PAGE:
When The Called Feel Burned Out
I was 12 years old when I first remember “feeling” the call of God on my life.
It didn’t come with fireworks or some ancient voice whispering to me while I slept, but it felt and continued to feel like a stretching in my soul -- like God was widening my heart for a calling that was bigger than I could imagine.
Over the years I’ve talked with a lot of young adults who share this deep sense of calling on their lives, but I think somewhere along the way we assume that this means we will become famous or publically recognized for our gifts and calling. And so we start our education, jobs, ministries, books and blogs just waiting for our big break. We serve God with everything we have in hopes that one day it will finally be recognized, and we will feel the validation of our great calling.
But fast forward 18 or 20 years, and I sit across from a lot of exhausted, burned out, frustrated Christians. The big break never came. No one read the blogs. No one signed up for the workshop. The ministry is out of money. There are too many needs, and no one will volunteer or give. Marriage and ministry begin to feel like enemies. The kids get buried in the tax-forms and pre-orders and donor thank-yous. The busyness of work and calling can’t seem to soothe the ache of singleness.
And somehow in the middle of all this rush, we silently question this “calling” of God on our lives. It doesn’t look like what we’d hoped. It doesn’t feel like we’re doing the right thing.
Could it be that even the dearest friends of Jesus felt this way too?
I’m reminded of this scene in Luke 10:38-42:
Now as they went on their way, Jesus entered a village. And a woman named Martha welcomed him into her house. And she had a sister called Mary, who sat at the Lord's feet and listened to his teaching. But Martha was distracted with much serving. And she went up to him and said, “Lord, do you not care that my sister has left me to serve alone? Tell her then to help me.” But the Lord answered her, “Martha, Martha, you are anxious and troubled about many things, but one thing is necessary. Mary has chosen the good portion, which will not be taken away from her.” (ESV)
It’s plain to the reader that Martha is missing the main Person, but what reader doesn’t deeply feel for her struggle at the same time? Martha is busy SERVING. Any of us who feel the calling of God on our lives know that obedience requires a lot of work, a lot of late nights, a lot of early mornings, a lot of pouring out everything we have, a lot of preparation and planning. Martha takes on the responsibility of welcoming the Savior into her home and she is busy working to meet the needs around her, but the Bible quickly tells us that she is DISTRACTED.
What did she miss?
The point. The Person.
Yes, it’s obvious from the text but it’s not so obvious in our lives sometimes, amen?
Perhaps we forget what “calling” actually means. According to Jesus, it’s much simpler than we assume: we are called to make disciples and love our neighbors. And although simple, it will demand a lot from us. But Jesus wants to make it clear that we cannot make disciples and love our neighbors well until we love Him the most.
Mary has chosen the ONE THING necessary: she is as close as she can get to Him. She is hanging on His every word. She is sitting in His presence. She is giving Him all her attention.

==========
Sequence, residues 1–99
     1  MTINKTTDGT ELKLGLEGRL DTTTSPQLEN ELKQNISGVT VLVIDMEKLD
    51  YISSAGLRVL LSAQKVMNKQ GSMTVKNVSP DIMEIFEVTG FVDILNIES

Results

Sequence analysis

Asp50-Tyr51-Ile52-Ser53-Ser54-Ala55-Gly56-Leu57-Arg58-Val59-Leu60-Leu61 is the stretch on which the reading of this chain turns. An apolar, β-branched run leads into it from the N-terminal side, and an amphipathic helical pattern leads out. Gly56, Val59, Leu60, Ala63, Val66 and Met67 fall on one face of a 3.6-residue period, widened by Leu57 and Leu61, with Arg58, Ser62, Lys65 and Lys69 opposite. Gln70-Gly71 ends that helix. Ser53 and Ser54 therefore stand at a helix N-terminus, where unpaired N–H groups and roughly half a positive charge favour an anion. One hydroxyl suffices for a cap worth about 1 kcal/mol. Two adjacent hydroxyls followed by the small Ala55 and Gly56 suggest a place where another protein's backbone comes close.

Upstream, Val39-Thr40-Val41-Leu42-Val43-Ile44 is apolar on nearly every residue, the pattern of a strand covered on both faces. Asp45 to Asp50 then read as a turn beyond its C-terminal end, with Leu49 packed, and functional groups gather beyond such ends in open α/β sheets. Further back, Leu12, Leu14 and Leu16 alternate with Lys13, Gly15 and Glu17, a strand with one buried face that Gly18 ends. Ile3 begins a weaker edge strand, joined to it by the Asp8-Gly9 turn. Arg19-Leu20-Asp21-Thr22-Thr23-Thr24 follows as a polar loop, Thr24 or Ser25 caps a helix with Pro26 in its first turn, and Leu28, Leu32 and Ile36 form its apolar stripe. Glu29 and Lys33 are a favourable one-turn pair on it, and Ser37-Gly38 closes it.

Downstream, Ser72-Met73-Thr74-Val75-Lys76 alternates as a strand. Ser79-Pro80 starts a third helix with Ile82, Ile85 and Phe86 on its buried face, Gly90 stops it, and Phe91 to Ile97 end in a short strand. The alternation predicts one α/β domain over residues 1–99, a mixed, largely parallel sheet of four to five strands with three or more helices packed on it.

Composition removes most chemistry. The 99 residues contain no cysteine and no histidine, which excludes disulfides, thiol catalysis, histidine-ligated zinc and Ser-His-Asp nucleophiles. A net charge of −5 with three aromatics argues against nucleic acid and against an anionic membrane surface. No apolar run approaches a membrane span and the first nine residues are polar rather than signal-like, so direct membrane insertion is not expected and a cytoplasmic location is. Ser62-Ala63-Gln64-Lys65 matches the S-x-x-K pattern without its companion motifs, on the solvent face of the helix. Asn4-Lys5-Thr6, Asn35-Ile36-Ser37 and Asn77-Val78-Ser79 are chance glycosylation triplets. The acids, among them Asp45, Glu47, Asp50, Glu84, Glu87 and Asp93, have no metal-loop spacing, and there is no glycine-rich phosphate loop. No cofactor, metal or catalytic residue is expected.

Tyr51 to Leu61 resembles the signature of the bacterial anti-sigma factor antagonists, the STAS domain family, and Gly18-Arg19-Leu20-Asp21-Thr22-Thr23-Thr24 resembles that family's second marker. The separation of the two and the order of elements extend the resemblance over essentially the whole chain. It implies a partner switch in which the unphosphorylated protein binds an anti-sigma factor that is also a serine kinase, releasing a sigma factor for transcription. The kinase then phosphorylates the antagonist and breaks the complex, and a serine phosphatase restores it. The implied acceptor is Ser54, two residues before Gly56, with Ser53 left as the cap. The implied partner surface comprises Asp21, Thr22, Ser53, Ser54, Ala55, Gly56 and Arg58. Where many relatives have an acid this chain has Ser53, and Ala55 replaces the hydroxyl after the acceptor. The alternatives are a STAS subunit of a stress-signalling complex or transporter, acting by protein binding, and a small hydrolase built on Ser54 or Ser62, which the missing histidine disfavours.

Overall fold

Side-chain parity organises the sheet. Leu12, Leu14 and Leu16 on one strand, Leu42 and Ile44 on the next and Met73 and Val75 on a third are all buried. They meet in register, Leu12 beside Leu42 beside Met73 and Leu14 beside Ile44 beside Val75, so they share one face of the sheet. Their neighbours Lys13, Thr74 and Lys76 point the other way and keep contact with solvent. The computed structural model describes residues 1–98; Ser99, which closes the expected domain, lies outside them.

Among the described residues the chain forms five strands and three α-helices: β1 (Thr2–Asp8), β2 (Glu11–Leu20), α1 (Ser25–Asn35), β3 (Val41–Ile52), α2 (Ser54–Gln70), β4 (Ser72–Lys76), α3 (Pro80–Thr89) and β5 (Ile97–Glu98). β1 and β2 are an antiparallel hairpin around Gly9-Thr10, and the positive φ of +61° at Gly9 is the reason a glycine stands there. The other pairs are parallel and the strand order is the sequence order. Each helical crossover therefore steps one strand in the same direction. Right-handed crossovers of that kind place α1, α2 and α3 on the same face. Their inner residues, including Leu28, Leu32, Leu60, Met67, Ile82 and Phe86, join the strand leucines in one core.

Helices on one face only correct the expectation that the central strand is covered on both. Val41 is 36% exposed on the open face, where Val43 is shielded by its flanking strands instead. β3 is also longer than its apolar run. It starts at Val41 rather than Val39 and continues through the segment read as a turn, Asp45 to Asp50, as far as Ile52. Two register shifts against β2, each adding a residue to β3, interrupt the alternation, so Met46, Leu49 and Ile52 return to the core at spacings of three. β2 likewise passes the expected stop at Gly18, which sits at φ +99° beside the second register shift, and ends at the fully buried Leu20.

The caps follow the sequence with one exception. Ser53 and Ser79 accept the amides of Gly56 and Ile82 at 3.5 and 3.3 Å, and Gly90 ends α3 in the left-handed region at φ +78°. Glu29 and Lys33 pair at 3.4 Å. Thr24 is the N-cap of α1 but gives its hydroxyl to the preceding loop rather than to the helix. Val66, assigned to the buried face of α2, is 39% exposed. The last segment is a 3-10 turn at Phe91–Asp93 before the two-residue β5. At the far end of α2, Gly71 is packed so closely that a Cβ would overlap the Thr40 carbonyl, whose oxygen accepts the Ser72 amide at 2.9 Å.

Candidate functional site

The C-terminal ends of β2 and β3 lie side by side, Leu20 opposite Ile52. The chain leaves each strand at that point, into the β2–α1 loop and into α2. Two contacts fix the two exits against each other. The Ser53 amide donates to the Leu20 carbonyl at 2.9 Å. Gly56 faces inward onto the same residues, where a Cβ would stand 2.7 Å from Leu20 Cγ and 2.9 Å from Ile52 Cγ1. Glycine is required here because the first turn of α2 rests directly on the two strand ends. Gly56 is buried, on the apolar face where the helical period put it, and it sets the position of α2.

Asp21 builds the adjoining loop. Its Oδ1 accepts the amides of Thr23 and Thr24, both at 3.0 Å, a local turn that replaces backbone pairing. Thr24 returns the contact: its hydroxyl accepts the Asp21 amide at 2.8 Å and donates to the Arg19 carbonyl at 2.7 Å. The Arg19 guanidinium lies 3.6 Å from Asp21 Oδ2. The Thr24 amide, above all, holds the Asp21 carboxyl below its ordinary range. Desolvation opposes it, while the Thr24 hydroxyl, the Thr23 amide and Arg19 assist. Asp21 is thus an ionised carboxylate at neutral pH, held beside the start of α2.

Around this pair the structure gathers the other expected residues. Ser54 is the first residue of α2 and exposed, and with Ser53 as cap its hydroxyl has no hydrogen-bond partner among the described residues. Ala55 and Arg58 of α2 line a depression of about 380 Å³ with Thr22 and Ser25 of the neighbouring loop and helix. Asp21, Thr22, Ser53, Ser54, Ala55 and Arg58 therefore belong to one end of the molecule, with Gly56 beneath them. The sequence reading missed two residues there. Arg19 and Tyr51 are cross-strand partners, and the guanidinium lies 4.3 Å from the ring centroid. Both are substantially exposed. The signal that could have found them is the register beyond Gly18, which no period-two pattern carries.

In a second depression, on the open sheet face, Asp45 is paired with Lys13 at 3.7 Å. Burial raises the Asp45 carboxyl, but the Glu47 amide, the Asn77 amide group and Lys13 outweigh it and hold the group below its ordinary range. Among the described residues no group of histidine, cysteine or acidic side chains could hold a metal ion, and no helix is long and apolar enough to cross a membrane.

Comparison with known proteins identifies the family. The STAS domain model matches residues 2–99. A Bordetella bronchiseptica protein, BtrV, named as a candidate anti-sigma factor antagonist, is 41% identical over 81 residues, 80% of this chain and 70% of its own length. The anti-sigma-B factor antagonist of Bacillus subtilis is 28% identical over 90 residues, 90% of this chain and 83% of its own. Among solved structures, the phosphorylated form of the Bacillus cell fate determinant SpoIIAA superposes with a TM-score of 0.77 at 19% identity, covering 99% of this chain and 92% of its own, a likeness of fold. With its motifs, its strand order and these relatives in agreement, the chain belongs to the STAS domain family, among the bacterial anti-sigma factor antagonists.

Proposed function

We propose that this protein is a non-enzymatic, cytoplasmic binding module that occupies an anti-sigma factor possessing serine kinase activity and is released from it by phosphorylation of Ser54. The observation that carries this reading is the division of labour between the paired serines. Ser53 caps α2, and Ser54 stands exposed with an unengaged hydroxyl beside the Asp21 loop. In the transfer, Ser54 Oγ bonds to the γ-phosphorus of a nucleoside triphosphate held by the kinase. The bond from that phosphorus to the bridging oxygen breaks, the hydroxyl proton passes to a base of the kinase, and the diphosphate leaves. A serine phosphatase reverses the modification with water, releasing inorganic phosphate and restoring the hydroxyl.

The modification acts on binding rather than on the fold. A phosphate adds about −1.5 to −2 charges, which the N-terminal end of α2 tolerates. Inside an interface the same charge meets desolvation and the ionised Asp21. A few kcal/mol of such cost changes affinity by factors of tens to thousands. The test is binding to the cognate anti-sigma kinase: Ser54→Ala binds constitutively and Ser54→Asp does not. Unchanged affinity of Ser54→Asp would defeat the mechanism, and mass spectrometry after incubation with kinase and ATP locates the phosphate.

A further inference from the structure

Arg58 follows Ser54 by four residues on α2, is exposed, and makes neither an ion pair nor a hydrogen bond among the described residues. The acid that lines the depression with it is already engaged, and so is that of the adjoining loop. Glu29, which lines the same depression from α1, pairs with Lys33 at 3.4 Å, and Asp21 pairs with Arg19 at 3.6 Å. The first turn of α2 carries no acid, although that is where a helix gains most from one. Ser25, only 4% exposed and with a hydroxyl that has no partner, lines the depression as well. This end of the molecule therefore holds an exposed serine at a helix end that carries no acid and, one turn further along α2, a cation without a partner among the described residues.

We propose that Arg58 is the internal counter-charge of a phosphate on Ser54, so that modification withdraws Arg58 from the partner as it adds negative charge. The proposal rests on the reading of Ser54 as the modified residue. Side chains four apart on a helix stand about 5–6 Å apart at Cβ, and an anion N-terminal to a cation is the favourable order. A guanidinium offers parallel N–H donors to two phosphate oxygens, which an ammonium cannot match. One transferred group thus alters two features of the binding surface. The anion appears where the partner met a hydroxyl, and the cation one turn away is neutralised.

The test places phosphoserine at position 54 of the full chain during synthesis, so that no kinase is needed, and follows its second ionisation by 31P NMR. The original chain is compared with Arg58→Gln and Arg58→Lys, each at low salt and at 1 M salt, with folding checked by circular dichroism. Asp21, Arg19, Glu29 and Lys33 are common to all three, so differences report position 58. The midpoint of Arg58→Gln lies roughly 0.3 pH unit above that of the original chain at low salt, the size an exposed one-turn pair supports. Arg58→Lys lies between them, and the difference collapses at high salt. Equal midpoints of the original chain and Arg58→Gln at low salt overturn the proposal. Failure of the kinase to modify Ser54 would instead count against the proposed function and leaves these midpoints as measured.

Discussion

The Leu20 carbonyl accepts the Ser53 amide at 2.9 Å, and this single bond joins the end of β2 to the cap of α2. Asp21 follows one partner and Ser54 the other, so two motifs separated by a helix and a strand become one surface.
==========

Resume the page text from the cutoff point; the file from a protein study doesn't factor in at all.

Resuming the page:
She doesn’t view Him as a means to an end. He is her beginning and her end. He is everything.
Her example challenges me. I feel like there have been seasons in ministry that I have “used” God as a way to get what I wanted most, whether that be recognition, praise, fame, or fortune. Whenever this happens, my ministry becomes a lot less fruitful and my heart becomes a lot more discontent. The “good works” start distracting me from my Savior and ministry becomes the idol.
One of the easiest ways to tell if my heart is idolizing “ministry” is to check my perspective on God Himself. Like Martha, my prayers can become demanding and demeaning, “Lord, do you not care?! Why have you left me to serve alone?!”
It doesn’t matter what it is that God is calling me to -- public ministry, marriage, motherhood, friendship, discipleship -- if I become frustrated by God’s “absence” in my work, it’s probably because I wandered away from Him through my anxiety and troubled heart, not the other way around.
Feeling rushed or upset over situations always tells me that I’m functioning like He’s not there.
And that’s when I know that I’m missing the point.
In a world that feels so entirely complicated, I’m so thankful for a Savior who made it simple. It’s not seventeen things that are necessary, it’s just one. And for people who are called by God, that’s what we need to remember. All fruitful work begins and ends with worship. If we sit and stare at Him long enough, we will realize the power He offers to those who rest in Him.
And if you’re like me and realize that things have gotten a little out of balance, guess what?
He welcomes you -- the weary and heavy-laden -- and offers to carry the burden as long as you stay yoked next to Him.
Perhaps it’s time to go back and listen, time to go back and sit (not serve). Perhaps it’s time to remember that He is not our staircase to fame, He is our door to salvation.
Kaysie Strickland is passionate about words + actions proclaiming the reckless restoration available in the gospel. She is married to her best friend on earth, adores her son Charlie, drinks lots of coffee + tea, constantly rearranges the furniture in her house, loves gardening and DIY projects, and enjoys serving women through the ministry of Homes & Havens. You can find her on Instagram | Facebook| Twitter | Blog